The FOP’s involvement forced Chicago mayoral candidate Paul Vallas, the former CPS chief who is endorsed by the union, to distance himself from the event. Mayor Lori Lightfoot’s campaign used the opportunity to cast Vallas as a closet Republican.

When DeSantis announced last week that he would visit Illinois, elected officials from the deep blue state were quick to pounce.

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Supporters of Gov. Ron DeSantis shouted at protesters across the street. One man was arrested, but police provided no details. Also on Monday, former President Donald Trump, who has already announced his bid for 2024, announced his own anti-crime plan.

“Ron DeSantis’ dangerous and hateful agenda has no place in Illinois,” Gov. J.B. Pritzker wrote on Twitter.

Rep. Sean Casten, D-Ill., whose district covers parts of Elmhurst, posted on Twitter about the DeSantis visit:

“He’s here to say he met with Chicago law enforcement and uniquely understands the issues. He is fantasizing that this might give him a great sound bite he can use at some debate full of crazies trying to out-crazy each other,” Casten wrote.

Supporters also showed up for DeSantis.

“There’s a lot of hateful people out there,” Pete Saverino said of the protesters. He held a “thin blue line” flag. “Whatever they don’t like, they don’t tolerate,” the Des Plaines resident said.

One local resident stood watching from a distance and said officers had been setting up for the event since at least 7 a.m.

“OK, we’re an affluent community, but our tax dollars could be used for different things,” said the man, who asked to be identified as Joe H.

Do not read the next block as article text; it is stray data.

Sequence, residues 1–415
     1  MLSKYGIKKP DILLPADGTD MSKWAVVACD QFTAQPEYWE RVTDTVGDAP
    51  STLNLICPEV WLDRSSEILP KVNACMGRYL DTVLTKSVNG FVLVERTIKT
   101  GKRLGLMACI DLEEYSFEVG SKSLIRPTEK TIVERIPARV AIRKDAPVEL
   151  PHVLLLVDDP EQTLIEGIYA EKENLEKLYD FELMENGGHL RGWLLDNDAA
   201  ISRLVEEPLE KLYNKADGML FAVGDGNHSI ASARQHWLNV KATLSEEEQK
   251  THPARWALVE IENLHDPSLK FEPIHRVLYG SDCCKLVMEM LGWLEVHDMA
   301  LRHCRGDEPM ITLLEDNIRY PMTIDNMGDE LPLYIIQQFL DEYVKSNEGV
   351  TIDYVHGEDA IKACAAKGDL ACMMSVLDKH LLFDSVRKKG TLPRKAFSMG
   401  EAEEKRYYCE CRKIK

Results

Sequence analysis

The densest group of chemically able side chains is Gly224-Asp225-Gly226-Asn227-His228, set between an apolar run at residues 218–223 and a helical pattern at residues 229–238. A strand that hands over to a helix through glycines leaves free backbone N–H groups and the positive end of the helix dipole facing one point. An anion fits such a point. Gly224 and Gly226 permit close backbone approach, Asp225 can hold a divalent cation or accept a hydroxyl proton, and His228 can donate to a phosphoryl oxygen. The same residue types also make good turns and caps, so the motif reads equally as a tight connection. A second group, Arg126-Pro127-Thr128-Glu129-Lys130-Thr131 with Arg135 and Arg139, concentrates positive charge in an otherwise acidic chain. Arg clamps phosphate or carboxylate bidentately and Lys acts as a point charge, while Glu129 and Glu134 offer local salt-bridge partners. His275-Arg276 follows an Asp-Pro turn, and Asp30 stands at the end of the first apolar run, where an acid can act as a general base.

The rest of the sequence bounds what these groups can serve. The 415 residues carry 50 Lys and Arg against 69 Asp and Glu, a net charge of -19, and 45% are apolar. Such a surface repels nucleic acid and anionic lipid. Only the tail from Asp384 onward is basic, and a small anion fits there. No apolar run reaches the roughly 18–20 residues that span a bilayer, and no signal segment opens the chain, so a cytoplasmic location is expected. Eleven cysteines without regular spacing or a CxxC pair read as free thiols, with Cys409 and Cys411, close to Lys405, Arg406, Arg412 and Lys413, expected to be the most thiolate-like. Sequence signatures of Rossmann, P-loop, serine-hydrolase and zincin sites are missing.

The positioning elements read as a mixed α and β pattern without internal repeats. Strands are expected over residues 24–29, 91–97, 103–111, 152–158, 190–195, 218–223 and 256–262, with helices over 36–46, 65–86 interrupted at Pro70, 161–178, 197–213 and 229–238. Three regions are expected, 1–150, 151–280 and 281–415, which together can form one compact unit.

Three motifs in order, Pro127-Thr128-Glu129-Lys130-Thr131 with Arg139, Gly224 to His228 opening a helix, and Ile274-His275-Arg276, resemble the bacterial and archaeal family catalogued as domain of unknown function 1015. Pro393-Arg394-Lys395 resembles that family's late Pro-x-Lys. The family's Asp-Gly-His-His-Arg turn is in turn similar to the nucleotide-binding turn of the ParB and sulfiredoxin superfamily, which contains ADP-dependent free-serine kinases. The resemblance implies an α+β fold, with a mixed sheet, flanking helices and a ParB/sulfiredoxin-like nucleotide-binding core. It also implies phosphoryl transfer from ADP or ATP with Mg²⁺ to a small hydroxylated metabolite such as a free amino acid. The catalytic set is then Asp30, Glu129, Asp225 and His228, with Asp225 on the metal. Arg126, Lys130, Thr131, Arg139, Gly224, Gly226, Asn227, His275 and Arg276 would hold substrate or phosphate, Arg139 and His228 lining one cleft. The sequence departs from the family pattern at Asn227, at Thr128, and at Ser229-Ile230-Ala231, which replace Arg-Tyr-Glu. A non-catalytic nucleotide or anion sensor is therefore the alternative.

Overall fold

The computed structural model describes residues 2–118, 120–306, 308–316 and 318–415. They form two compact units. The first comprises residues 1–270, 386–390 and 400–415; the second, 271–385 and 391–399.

DeSantis waved to supporters as he left the rear of the venue and entered an SUV. A supporter cheered, “Future president.”

After the event, DeSantis wrote on Twitter that he met “with the men & women of law enforcement to discuss FL’s commitment to law & order.”

“Woke policies enacted by Leftist politicians have proven to be disastrous & these cities need to embrace law & order policies & support the police,” he said.

Trump takes aim at crime in Chicago — again

Meanwhile, former President Donald Trump, who already announced a 2024 comeback bid, unveiled an anti-crime plan on the same day DeSantis was appealing on his three-state swing to what could be an important base vote for him — police. Trump said he would seek “a record investment in hiring, retention and training for police officers.”

Trump has punched at Chicago for years and on Monday resumed taking aim at the city. He said he would direct the Justice Department “to open civil rights investigations into radical leftist prosecutors’ offices, such as those in Chicago, Los Angeles and San Francisco to determine whether they have illegally engaged in race-based law enforcement.”

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Protesters wave flags and hold signs outside an event held by Florida Gov. Ron DeSantis. On Twitter, Illinois Gov. J.B. Pritzker wrote: “Ron DeSantis’ dangerous and hateful agenda has no place in Illinois.”